Articles by: maz

GMR and the Nobel Prize

A computer hard disk reader that uses a GMR sensor is equivalent to a jet flying at a speed of 30,000 kilometers (19,500 miles) per hour … at a height of just one meter above the ground, and yet being able to see and catalogue every single blade of grass it passes over,” [Ben Murdin, a physics professor at the University of Surrey in southeast England] said.

Impressive, eh?  This year’s Nobel in physics was awarded for something that you actually use on a daily basis…but never think about. Albert Fert and Peter Grünberg get to split $1.5Million for their discovery of Giant Magnetoresistance (GMR).  I know; not only does it sound amazingly cool, but it’s actually useful?  I mean, anti-particles, darkmatter, parallel universes and string theory are sexy and all, but come on.  This tech. actually is called Giant.  Not to mention that the discovery of GMR led to the field of spintronics, and the principles behind your iPod and 500 gigabyte hard drive.

On to the science.

To start this discussion, I have to explain a little about spin and it’s interaction with mag. fields.

Let’s review.

So if you sent a beam of electrons through a magnetic field and had some quantum trash bags to collect the electrons upon exiting this mag. field, you’d see that 1 bag was full of spin up electrons, and 1 bag was full of spin down electrons.

One way you can attempt to rationalize this (and I know this is a little hand-wavy, but it’ll do) is to imagine an infinitesimal charge, dq on the surface of the electron.  If we see that the electron is spherical and spinning, either clockwise or counterclockwise, then this dq rotates about as well.  So would all the other dq’s on the surface of the electron.  You know that the flow of charge generates a magnetic field.  Through Maxwell’s eq. you could show that if the electron is spinning clockwise it’s z-axis, you’d see a magnetic field pointing in the “-z direction” (remember, no magnetic monopoles (we think) so the field lines could be thought of as initially going out the bottom of the electron. and then curling back up to arrive at the top), and if it was spinning counterclockwise, you’d see the field pointing in the +z direction.  These two dipole moments we call spin up and spin down, and they either align in parallel with the external magnetic field, or antiparallel with it.  As you’re probably guessing, the parallel alignment is slightly lower in energy then the antiparallel.  This is known as the Zeeman effect.


So GMR is, in my opinion, one really big and really cool trick.  I say so because it’s one of those things that seems to me as obvious but not trivial.  There are a few different types of GMR applications that operate off of the same basic principle.  Here I’ll talk about the most used one, the spin-valve.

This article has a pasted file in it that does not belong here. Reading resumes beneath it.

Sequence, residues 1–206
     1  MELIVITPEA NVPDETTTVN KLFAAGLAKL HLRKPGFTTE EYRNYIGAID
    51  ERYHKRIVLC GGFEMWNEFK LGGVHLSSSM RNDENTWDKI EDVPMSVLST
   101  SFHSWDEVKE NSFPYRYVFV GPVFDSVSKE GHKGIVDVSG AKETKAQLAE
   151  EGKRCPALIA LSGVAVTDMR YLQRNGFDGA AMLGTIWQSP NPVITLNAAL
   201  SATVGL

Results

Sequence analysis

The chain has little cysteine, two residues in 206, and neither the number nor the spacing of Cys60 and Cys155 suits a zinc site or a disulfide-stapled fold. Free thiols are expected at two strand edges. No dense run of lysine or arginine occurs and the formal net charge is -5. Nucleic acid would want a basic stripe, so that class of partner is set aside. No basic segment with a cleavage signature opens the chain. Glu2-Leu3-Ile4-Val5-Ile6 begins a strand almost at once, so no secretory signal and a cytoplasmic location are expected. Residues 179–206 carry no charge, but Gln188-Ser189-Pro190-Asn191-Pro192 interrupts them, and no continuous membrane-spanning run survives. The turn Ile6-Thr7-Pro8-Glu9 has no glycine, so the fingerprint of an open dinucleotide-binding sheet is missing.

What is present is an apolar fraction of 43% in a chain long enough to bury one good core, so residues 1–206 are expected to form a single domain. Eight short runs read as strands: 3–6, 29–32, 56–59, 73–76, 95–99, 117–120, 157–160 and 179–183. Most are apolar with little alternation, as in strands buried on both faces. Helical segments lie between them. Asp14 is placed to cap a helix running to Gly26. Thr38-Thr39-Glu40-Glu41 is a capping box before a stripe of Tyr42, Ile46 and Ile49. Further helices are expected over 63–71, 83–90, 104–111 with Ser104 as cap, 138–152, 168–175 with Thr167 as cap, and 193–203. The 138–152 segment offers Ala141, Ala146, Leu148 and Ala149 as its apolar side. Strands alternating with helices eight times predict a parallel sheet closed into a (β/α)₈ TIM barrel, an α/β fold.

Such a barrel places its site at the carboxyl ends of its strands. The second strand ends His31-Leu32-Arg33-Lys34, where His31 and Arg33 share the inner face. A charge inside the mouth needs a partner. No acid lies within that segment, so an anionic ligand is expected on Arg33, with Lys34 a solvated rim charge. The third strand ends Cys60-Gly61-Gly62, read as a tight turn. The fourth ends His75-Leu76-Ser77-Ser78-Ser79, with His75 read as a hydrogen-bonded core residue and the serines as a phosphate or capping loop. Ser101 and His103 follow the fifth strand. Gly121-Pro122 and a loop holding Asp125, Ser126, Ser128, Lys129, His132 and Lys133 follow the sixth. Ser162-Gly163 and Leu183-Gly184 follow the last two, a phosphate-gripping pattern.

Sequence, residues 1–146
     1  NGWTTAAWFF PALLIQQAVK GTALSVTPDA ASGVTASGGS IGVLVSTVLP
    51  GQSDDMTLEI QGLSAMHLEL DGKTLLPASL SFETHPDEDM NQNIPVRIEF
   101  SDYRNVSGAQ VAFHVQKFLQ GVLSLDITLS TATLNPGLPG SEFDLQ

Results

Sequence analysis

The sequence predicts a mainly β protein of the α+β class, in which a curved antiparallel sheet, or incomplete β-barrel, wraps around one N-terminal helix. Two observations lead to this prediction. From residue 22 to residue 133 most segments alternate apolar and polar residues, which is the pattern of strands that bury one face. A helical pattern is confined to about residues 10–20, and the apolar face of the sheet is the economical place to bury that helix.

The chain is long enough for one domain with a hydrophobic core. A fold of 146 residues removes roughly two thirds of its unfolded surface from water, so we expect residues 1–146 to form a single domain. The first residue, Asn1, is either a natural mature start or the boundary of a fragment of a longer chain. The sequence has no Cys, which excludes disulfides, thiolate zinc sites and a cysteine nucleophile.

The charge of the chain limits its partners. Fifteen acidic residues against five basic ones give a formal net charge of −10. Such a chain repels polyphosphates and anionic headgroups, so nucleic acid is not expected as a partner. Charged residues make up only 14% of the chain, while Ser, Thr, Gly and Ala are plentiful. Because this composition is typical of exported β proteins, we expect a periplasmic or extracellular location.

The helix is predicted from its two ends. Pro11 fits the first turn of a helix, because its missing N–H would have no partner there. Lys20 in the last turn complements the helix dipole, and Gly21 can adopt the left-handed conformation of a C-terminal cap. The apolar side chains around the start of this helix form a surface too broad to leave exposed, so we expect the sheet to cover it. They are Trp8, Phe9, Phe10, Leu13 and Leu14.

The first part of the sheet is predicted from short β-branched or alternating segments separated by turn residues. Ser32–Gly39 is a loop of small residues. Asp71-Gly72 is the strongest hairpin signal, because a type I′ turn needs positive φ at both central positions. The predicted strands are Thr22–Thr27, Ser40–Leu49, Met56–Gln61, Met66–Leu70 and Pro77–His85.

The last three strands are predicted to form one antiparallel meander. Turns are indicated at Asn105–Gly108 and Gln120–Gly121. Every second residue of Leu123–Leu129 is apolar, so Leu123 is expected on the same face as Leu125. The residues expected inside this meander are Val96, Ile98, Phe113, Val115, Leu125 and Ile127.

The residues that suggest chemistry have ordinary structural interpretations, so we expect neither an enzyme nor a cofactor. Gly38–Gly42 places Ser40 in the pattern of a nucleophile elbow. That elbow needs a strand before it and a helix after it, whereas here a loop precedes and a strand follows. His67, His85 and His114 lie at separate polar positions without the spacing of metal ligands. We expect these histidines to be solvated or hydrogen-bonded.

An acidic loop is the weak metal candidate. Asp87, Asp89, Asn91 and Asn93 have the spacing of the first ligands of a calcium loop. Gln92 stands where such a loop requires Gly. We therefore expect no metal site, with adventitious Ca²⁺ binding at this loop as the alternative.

If you take a ferromagnetic layer and polarize it, the unpaired electrons in the layer will align themselves to the external magnetic field.  These electrons are now what we call “spin polarized”.  Do this for a second layer and place them next to each other, but separated by a non ferromagnetic layer.  Slap a potential difference across the two layers, and the electrons will maintain their polarization while moving through the circuit.  But when these electrons hit a material with a mag. field opposite their spin direction, they get flipped.  And here’s the rub:  flipping the spins requires extra energy…in other words the electrical resistance is increased when the magnetic materials are polarized in the opposite directions (anti-parallel alignment).

Who cares?  Well, you do, you just might not see it yet.  Being able to change the like this electrical resistance, which is easily detectable, is what computer guys call “non-volatile”.  Meaning you don’t require power to keep the changes made.  If you let the “low resistance” represent 1 and the “high resistance” represent 0, you can get digital logic.  Imagine doing what we just discussed, hundreds of billions of times on a 3.5″ disc…and you’ve got yourself a hard drive.  This is a relatively simple type of spintronic device, which is why they say that the GMR discovery gave birth to the field of spintronics.

Spintronics is, in general, the development of technology which allows you to make use of the spins of electrons. If you can generate a current of like-spinned electrons, i.e. polarized electrons, and send them through a device that can detect and act based on the spin of these electrons, you have created a spintronic device.  It is sensitive not to voltage or charge or mass, but on the electron’s spin.  That’s a really big deal.  After-all, you’ve got an intrinsic 1 or 0 right there.

So the next time you strap that overpriced, little white noise machine onto your arm and go for a jog, say thanks to a couple of physicists who discovered something that turned out to be useful…in your lifetime.

Note:  This was by no means a rigorous discussion, and if anyone is interested in the topic, you could start a thread in the forums and see what grows.  For the blog though, this is maybe already too indepth.  I should have added some pretty pictures.  Tongue


By October 11, 2007 0 comments science news

Energy Discussions 1: Water Cars

Since I have seen a number a of energy related topics on the boards in the past few weeks and Mitch decided to talk about cold fusion, I decided my next few posts will be related to new/renewable energy alternatives to fossil fuels.